Compilation of Stack-Based Languages, status April 1999

This project was supported by the FWF for two years starting in February 1996 (research project P11231). Since February 1998, the project has stalled, but I expect to continue it some time in the future.


The goal of the project Compilation of Stack-Based Languages is to advance the state of the art in compiling languages like Forth, Postscript and JavaVM to fast machine code. These languages have properties that make traditional compilation techniques badly suited for them:
items have to be allocated effectively to registers to get fast machine code.
Very fast compilation
is required, because of the interactive nature (Forth, Postscript), or because of the compile-and-run infrastructure (JavaVM just-in-time compilation).

Current Results

We currently have a working compiler from Forth to machine code, written in Forth: The main results up to now are:


Our final report [ertl&pirker98] is a short paper written for a computer science audience. For more specific information, read our EuroForth papers [ertl&pirker96, ertl&pirker97] (but they assume a Forth background). There is also a position paper that gives an overview of the ideas [ertl92]. Finally, my dissertation [ertl96diss] discusses RAFTS and other Forth implementation techniques.

Future Work

Interprocedural register allocation
We will probably first do a standard graph colouring register allocator. It may be too slow, so we also think about a fast register allocation method that exploits the nice liveness properties of stack items. While this method may not produce as good code as established graph colouring techniques, we hope that the improved compile time will be worth this price.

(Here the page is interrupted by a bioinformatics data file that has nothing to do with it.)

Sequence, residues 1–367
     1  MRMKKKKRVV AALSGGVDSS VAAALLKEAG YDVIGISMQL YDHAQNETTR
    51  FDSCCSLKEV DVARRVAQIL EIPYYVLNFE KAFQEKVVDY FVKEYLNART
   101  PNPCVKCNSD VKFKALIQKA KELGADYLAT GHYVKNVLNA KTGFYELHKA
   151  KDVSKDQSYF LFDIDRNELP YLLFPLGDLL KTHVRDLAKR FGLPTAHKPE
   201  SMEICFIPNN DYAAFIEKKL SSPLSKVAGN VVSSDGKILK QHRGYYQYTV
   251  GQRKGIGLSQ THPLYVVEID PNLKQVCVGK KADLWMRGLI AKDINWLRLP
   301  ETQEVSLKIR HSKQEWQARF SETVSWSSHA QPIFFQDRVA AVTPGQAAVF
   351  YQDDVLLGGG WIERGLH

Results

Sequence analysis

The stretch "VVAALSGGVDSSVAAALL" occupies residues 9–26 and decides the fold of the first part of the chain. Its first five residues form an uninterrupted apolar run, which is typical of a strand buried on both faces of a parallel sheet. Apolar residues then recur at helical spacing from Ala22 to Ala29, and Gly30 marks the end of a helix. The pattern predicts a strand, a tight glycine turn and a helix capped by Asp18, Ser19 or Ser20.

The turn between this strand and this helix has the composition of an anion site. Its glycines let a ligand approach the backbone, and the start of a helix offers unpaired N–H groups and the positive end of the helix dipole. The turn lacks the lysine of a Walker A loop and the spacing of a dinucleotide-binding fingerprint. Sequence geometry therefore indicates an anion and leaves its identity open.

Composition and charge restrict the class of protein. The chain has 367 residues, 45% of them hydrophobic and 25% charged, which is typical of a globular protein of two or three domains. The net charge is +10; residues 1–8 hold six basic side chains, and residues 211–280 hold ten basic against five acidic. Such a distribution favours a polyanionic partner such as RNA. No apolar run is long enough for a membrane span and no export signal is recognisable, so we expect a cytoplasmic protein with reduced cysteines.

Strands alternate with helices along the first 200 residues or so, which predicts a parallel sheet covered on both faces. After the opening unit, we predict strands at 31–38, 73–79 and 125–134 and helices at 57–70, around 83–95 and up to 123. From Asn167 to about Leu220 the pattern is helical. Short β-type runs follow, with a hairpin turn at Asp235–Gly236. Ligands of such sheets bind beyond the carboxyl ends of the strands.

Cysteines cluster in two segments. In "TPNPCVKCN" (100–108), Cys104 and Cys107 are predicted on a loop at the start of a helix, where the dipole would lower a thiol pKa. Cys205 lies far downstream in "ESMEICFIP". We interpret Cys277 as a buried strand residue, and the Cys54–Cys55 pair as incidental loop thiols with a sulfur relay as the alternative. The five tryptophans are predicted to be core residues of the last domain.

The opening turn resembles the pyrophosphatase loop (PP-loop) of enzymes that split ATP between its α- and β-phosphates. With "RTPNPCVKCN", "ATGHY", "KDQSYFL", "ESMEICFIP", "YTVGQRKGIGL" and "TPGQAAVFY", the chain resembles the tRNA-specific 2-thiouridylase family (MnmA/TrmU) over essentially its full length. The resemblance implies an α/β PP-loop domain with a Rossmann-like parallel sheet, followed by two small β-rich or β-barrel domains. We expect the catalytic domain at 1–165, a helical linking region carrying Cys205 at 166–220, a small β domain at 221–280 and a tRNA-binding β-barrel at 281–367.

Code replication
The main purpose of code replication is to produce longer basic blocks, that allow our basic block code generation techniques to be more effective. Currently the plan is to combine a conservative full inliner with an aggressive partial inliner and a control flow join delaying optimization. This should be pretty easy with our new linear intermediate representation.
Tail-call optimization
turns a call followed by an exit into a jump. It should work even better in combination with partial inlining (because partial inlining turns some calls into tail-calls).


[bell73] James R. Bell.
Threaded code. Communications of the ACM, 16 no. 6 pp. 370-372, 1973.
[ertl92] M. Anton Ertl.
A new approach to Forth native code generation. In EuroForth '92, pages 73-78, Southampton, England, 1992. MicroProcessor Engineering.
[ertl96diss] M. Anton Ertl.
Implementation of Stack-Based Languages on Register Machines. Dissertation, Technische Universit\"at Wien, Austria, 1996.
[ertl&maierhofer95] M. Anton Ertl and Martin Maierhofer.
Translating Forth to efficient C. In EuroForth '95 Conference Proceedings, Schlo\ss Dagstuhl, Germany, 1995.
[ertl&pirker96] M. Anton Ertl and Christian Pirker.
RAFTS for basic blocks: A progress report on Forth native code compilation. In EuroForth '96 Conference Proceedings, St. Petersburg, Russia, 1996.
[ertl&pirker97] M. Anton Ertl and Christian Pirker.
The structure of a Forth native code compiler. In EuroForth '97 Conference Proceedings, pages 107-116, Oxford, 1997.
[ertl&pirker98] M. Anton Ertl and Christian Pirker.
Compilation of stack-based languages (abschlu\ssbericht). Final report to fwf for research project p11231, Institut f\"ur Computersprachen, Technische Universit\"at Wien, 1998.
[kogge82] Peter M. Kogge.
An architectural trail to threaded-code systems. Computer, pages 22-32, March 1982.

Anton Ertl